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The Role of the International Community

Despite repeated promises not to “allow another Bosnia,” the international community failed to take adequate steps to stop the violence in Kosovo. The evidence suggests that the international community, afraid of the KLA’s rapid growth, may have given Milosevic a green light to proceed with a military offensive from July-September that involved serious breaches of humanitarian law.

On those occasions when the international community did condemn government abuses, words and symbolic actions proved meaningless, with deadlines postponed, conditions abandoned, and sanctions poorly enforced and even withdrawn, notwithstanding continued violence. Even less condemnation was directed towards Milosevic’s stifling of domestic dissent in the university and the media.

The Contact Group

Disunity was particularly evident among the members of the Contact Group dealing with developments in the Balkans—the United States, the United Kingdom, France, Germany, Italy, and Russia—where Russia in particular played the role of spoiler, although Russia’s resistance was at times used by Western states as an excuse for their own inaction, especially by those countries with business interests in the country. On March 9, in its first statement after the February 28 escalation of the conflict, the Contact Group called for Security Council consideration of a comprehensive arms embargo on FRY; refusal to supply to FRY equipment that might be used for internal repression or terrorism; denial of visas for senior FRY and Serbian representatives responsible for the repression; and a moratorium on government-financed export credit support for trade and investment in Serbia. Russia refused to support the last two measures, but committed to discuss additional measures if FRY failed to make progress toward fulfillment of the Contact Group’s conditions. When the Contact Group met again on April 29, it noted the on-going violence and the limited progress on conditions it had previously set, and in response, the Group decided to freeze funds held abroad by the FRY and Serbian governments. It warned if Belgrade continued to block dialogue by May 9, the Group would impose an investment ban on Serbia. Russia refused to endorse these sanctions. At a May 9 meeting of the G-8 (the United States, Canada, the United Kingdom, France, Germany, Italy, Japan, and Russia), the gathered states agreed to implement the asset freeze and impose the investment ban, and once again Russia declared that it did not associate itself with the new sanctions.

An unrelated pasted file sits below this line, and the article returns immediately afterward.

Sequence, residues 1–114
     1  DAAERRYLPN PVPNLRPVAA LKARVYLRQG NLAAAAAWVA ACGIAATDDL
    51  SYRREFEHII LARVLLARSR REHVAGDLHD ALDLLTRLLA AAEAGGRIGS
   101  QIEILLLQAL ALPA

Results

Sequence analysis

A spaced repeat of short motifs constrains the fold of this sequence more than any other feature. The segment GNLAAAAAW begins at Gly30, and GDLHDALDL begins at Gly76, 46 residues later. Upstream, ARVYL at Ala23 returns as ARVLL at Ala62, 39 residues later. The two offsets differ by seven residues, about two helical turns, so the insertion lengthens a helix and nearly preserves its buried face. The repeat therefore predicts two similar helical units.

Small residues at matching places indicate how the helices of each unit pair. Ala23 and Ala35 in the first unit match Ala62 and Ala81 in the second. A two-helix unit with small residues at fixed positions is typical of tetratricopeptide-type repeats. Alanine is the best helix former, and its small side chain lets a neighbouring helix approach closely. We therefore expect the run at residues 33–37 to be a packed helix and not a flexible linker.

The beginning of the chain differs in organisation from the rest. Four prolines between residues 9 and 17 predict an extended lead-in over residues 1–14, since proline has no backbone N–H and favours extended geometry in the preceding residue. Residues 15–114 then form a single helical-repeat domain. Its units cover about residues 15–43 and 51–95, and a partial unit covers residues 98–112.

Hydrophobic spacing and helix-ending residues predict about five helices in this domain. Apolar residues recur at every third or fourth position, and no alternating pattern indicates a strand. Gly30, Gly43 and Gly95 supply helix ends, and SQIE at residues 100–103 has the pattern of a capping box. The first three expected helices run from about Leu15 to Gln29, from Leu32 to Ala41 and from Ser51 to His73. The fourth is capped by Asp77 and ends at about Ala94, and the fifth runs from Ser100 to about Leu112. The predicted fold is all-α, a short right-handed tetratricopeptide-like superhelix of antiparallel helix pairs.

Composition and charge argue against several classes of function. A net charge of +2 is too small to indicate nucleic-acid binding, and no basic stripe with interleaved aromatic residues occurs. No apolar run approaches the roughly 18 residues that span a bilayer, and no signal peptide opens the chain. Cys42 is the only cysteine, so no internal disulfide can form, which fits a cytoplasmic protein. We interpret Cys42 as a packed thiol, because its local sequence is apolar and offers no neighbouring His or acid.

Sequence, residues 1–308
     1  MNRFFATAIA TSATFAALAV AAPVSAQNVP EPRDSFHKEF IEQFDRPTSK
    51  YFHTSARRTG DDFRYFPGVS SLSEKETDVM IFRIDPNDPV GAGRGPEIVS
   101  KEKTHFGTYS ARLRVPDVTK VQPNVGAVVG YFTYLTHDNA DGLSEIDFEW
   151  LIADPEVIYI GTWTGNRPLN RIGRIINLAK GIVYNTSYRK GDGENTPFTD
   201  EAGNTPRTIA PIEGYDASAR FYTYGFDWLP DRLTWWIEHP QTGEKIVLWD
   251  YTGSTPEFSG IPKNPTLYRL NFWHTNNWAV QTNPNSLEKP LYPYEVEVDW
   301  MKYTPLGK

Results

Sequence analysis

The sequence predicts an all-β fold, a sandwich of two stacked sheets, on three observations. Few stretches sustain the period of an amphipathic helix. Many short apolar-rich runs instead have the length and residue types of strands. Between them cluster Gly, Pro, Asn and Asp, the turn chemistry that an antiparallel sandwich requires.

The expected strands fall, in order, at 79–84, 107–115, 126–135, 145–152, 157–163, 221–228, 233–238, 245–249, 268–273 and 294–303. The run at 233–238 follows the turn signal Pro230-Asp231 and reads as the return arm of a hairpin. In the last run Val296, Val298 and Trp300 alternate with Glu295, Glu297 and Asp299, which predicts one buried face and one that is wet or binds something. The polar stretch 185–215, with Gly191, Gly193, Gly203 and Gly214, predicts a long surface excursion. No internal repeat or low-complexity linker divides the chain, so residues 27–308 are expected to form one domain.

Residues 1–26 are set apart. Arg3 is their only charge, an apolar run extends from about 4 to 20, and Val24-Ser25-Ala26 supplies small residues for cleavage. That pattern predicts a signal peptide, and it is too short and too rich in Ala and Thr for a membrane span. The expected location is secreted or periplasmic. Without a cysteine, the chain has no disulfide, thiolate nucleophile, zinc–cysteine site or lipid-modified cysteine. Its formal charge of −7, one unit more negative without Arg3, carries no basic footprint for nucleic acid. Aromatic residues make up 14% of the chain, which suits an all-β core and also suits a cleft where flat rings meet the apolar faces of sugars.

United Nations